Research shows that people who practice mindfulness can be less reactive. That’s because meditation teaches us to be calmer, more level-headed, and keep our cool — all skills which may help us enjoy more harmonious relationships.
If we meditate with the conscious intention to benefit our partner, we’re placing a deliberate focus on their well-being.
By nurturing the sense of connectedness between each other, we cultivate compassion and awareness that provides the ability to stand in the other person's shoes. This helps us to be more understanding and better listeners. Meditation also helps us cultivate an attitude of openness so that we can be less judgmental of our own thoughts and of the thoughts and actions of others.
As Headspace co-founder and former Buddhist monk Andy Puddicombe puts it, “Empathy does not require that we have been through the same thing as another person, simply that we meet them where they are now.”
Sex and meditation may at first seem like unlikely partners, but research shows that meditators report better sexual desire, sexual arousal, sexual satisfaction, and overall sexual function than non-meditators.
This isn’t surprising. Meditation trains the mind to be fully present in the moment, at ease, and without distraction — all qualities that can help us feel more connected as a couple, which allows us to focus on our partner and develop and maintain intimacy during sex. The more connected we feel, the more intimate sex can be.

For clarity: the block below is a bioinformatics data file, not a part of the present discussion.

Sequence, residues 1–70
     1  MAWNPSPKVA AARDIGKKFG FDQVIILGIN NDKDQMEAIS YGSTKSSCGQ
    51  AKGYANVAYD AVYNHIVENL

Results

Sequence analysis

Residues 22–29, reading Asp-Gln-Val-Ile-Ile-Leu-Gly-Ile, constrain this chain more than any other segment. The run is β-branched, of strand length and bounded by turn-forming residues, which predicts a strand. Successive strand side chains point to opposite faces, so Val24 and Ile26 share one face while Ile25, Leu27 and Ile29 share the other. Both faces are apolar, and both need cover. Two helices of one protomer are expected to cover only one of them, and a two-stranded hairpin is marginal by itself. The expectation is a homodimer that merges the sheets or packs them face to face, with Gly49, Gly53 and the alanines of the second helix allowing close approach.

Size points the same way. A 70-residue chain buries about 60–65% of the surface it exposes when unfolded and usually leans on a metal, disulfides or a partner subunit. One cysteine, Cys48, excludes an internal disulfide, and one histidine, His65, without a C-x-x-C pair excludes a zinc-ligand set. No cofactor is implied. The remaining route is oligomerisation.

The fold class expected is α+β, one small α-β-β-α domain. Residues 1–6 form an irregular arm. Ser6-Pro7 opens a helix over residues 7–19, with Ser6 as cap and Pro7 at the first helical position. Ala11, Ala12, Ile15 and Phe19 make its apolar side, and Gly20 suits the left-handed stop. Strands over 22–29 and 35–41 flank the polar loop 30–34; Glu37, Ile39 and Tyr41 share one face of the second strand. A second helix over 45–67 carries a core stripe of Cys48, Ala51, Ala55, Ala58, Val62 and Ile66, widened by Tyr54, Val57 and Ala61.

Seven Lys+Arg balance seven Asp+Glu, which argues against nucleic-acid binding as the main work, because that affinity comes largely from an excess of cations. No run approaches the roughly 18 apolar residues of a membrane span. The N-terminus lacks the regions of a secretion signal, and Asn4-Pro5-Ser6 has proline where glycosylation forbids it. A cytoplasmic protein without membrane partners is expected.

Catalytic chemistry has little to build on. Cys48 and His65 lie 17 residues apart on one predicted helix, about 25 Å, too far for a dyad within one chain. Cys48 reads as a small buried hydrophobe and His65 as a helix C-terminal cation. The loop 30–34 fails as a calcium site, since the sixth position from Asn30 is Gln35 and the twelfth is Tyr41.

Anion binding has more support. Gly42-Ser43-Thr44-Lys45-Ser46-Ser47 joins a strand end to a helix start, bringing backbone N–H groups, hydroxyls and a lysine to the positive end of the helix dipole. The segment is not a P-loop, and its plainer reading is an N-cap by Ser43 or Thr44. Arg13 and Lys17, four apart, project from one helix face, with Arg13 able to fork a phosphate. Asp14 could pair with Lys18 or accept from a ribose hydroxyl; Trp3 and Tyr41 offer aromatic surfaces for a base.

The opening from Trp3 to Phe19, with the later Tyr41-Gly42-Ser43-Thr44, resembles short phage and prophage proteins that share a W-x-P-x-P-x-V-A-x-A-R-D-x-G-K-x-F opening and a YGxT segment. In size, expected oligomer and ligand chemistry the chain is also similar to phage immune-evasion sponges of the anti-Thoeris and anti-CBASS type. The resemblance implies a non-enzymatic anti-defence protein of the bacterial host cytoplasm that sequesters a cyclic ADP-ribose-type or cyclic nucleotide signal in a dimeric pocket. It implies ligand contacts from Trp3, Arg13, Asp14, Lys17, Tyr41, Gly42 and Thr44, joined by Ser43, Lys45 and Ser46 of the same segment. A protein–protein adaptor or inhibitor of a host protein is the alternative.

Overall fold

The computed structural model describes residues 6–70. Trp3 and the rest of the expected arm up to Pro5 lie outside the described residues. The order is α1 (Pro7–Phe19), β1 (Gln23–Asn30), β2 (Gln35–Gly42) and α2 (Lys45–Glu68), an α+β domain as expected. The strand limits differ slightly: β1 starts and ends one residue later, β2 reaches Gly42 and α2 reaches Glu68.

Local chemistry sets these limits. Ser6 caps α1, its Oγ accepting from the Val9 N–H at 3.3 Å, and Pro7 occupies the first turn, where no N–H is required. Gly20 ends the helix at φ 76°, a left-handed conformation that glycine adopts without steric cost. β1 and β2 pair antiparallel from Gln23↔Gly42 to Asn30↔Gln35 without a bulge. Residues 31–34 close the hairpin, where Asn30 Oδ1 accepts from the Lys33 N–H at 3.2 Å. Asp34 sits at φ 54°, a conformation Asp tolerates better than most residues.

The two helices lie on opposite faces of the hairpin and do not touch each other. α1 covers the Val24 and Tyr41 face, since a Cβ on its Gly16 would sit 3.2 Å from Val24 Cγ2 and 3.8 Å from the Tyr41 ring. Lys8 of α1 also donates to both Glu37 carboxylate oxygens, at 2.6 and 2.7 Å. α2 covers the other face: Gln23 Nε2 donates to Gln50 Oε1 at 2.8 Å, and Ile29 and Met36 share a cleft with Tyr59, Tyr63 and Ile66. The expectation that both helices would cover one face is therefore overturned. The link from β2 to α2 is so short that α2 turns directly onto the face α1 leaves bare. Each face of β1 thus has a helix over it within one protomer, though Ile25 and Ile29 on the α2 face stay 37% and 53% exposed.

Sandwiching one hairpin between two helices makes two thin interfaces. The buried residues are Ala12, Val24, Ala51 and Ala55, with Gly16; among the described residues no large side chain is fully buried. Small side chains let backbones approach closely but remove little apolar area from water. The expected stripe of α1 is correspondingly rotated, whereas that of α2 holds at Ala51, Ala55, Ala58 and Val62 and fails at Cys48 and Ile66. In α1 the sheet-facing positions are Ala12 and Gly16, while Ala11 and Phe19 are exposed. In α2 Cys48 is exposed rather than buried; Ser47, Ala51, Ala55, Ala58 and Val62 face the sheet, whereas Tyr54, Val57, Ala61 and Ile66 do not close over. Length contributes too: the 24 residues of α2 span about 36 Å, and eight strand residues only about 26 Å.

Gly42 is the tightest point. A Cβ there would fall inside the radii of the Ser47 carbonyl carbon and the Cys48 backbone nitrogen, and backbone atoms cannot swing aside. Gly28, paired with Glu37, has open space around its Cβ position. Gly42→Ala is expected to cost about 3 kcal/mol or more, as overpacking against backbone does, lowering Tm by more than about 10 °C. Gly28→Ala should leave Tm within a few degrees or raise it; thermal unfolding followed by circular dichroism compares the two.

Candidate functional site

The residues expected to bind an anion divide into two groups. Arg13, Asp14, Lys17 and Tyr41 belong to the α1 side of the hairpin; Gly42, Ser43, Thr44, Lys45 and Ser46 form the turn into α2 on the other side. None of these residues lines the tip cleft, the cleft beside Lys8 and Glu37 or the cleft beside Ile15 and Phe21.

By meditating as a couple, we can each appreciate the many personal benefits of a mindfulness practice, while also enjoying the connectedness that comes with embarking on a journey together.
There are many techniques we can use when meditating with our partner, including visualization meditations, where we picture our partner as the beneficiary of our practice. One specific type of visualization meditation we could try is the loving-kindness meditation, where we direct goodwill to ourselves, and then to others.
Whatever technique we use, the key is to first practice self-compassion to be kinder and more forgiving of ourselves. This creates the space to next direct that compassion towards others.
“If a really close friend was having a tough time, there’s no way we’d speak to them the way we speak to ourselves in our mind,” says Andy. “If we can start approaching our own thoughts and feelings with that same soft and gentle approach, then all of a sudden meditation starts to flow and feel so much easier.”
It may seem a bit strange that a couples meditation should start by focusing on ourselves. But it makes sense when you think about it — by cultivating a sense of kindness and love in our own minds, we’re more likely to be able to share that with our partner.
Looking for more meditations for couples? The Headspace app offers subscribers several courses and single meditations that can benefit our relationships, including:
Foster feelings of compassion towards yourself.
Achieve greater harmony with others and yourself.
Practice treating yourself with unconditional kindness.
Find healthy ways to counter judgment toward yourself.
Move towards a calmer mindset before a tough talk.
Find peace in working to forgive yourself or others.
Explore ways to appreciate different relationships.
By being kinder to ourselves, we create the best environment to be kind to others. Meditation helps us to be more forgiving, less irritable, less stressed — all ingredients for better relationships. And if we meditate together as a couple, we learn healthy new skills to improve our relationship while also benefiting from the connectedness we feel from investing in our well-being together.